In New York City, 10-year-old Gabe (Josh Hutcherson) forms a friendship with Rosemary (Charlie Ray) a girl his own age who attends his karate class. At first just sparring partners, the two become gradually closer over a few summer weeks, forcing Gabe to wrestle with the nature of his feelings for her.
Review by Jake Wilson:
The title "Little Manhattan" vaguely suggests a gangster movie, but this romantic comedy for children offers the cleanest cinematic portrayal of New York City since The Royal Tenenbaums, or perhaps James L. Brooks' As Good As It Gets. The streets lined with brownstone apartment buildings are safe and spacious, and Central Park in summer is a green, magical haven: looking across the lake, Gabe and Rosemary imagine one of the skyscrapers folding itself into a pirate ship and flying away.
In such a setting, it's the occasional touches of modern vulgarity that seem out of place: Gabe imagines his divorcing parents as candidates for The Jerry Springer Show, even if his Dad still reads The New Yorker. Young fogey Wes Anderson might have been an influence on director Mark Levin's widescreen framing, though Levin's technique is much more casual, almost amateurish - he tends to film the actors frontally from a distance in disconnected shots, like sketchy illustrations to the story Gabe narrates in non-stop voiceover.
Far from Anderson's arty ironies, Little Manhattan has equally little in common with any mainstream Hollywood trend - the freshness is authentic even when the whimsy grows hard to bear. The two leads are precocious in a way more typical of child actors than actual children: Gabe is a gruff, stocky kid whose attempts at manliness are played for laughs, while Charlie Ray as his eleven-year-old "girlfriend" already has a teenager's self-awareness, her raised eyebrows and sidelong glances placing every second line in quotes.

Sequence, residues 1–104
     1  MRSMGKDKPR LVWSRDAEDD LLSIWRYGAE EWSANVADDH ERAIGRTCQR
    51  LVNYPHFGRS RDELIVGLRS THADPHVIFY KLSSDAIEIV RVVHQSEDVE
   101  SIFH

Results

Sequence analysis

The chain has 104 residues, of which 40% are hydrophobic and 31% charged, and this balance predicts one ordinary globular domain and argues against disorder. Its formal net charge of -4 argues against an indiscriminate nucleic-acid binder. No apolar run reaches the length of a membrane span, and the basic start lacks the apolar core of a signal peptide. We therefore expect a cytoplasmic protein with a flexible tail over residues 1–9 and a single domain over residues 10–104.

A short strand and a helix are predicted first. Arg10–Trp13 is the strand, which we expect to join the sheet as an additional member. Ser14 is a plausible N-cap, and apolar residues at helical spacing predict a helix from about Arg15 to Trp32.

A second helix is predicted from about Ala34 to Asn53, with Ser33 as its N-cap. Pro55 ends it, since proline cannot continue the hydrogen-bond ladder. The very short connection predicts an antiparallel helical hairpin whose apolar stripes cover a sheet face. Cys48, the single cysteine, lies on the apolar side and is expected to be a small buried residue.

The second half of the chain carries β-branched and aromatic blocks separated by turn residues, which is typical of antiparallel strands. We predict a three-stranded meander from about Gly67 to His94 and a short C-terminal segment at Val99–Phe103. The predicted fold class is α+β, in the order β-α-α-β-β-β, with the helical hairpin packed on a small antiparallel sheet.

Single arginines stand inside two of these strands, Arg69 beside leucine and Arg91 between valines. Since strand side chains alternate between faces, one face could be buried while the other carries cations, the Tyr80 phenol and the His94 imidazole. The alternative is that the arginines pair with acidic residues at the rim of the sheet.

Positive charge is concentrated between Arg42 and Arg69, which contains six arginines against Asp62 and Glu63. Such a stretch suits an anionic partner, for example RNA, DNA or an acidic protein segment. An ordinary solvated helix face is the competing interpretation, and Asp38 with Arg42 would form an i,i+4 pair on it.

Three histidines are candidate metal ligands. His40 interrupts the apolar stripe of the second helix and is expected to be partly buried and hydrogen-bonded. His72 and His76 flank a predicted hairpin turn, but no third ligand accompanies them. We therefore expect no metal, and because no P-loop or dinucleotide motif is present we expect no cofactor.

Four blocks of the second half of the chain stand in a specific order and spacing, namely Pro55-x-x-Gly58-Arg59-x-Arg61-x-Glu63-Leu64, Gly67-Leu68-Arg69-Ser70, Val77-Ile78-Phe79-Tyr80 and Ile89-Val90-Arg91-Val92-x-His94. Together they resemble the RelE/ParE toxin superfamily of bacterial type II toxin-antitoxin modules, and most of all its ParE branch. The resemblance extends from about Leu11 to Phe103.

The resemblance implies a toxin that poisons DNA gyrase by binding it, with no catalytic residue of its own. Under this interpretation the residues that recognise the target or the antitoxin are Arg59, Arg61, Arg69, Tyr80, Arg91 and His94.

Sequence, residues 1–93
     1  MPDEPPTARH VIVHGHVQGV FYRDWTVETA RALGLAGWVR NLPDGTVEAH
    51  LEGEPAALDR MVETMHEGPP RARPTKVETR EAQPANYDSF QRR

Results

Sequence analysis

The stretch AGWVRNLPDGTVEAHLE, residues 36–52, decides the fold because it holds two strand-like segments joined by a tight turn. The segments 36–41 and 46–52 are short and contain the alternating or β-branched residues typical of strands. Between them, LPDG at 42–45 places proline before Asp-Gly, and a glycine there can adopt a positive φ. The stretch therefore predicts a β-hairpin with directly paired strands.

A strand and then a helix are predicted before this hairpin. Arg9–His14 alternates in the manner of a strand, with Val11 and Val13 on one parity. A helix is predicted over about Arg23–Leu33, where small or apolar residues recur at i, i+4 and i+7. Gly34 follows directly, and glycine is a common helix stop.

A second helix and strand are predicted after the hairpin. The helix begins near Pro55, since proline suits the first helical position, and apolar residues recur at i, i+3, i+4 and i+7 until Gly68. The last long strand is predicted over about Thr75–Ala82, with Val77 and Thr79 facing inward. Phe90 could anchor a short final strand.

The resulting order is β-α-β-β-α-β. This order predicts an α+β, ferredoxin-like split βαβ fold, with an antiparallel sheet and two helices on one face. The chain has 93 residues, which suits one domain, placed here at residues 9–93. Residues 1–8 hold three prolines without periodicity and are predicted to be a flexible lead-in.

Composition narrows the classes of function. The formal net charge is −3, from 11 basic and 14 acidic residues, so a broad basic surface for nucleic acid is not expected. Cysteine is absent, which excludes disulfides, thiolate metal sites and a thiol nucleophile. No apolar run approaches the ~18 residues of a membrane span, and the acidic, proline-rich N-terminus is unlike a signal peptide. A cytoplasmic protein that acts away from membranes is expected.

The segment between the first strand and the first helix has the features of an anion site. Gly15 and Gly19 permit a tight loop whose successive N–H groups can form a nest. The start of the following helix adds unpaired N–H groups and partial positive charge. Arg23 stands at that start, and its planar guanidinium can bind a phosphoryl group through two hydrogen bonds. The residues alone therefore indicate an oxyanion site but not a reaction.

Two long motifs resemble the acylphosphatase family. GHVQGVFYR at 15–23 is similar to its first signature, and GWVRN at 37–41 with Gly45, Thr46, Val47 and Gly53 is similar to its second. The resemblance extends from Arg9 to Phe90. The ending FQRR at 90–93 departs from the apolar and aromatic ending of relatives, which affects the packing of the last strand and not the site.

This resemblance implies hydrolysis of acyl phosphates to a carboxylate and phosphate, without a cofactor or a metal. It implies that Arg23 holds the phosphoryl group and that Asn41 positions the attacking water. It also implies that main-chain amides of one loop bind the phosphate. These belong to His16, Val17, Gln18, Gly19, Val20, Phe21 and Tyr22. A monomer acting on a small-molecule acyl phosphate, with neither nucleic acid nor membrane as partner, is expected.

Yet despite or perhaps because of its contrivances the film has a certain emotional realism, following the hopes and disappointments of "first love" in unflinching detail. It might be a bit much for your average ten-year-old, given that Gabe's dilemmas are all the more excruciating for their innocence: having confessed his fascination with Rosemary early on, he spends at least half an hour of screen time wondering whether he should kiss her.
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LITTLE MANHATTAN (G)
CAST: Josh Hutcherson, Charlie Ray, Bradley Whitford, Cynthia Nixon
PRODUCER: Arnon Milchan, Gavin Polone
DIRECTOR: Mark Levin
SCRIPT: Jennifer Flackett
CINEMATOGRAPHER: Tim Orr
EDITOR: Alan Edward Bell
MUSIC: Chad Fisher
PRODUCTION DESIGN: Stuart Wurtzel
RUNNING TIME: 90 minutes
AUSTRALIAN DISTRIBUTOR: 20th Century Fox
AUSTRALIAN RELEASE: March 16, 2006
VIDEO DISTRIBUTOR: 20th Century Fox Home Entertainment
VIDEO RELEASE: August 10, 2006
RIVERSIDE SCREEN PREMIERES
A program of premiere screenings of new movies prior to their commercial release
on 6 consecutive Tuesdays, starts February 17, 2015 at Riverside Theatre,
Curated & presented by Andrew L. Urban, discussion to
follow with special guests. Briefing notes provided.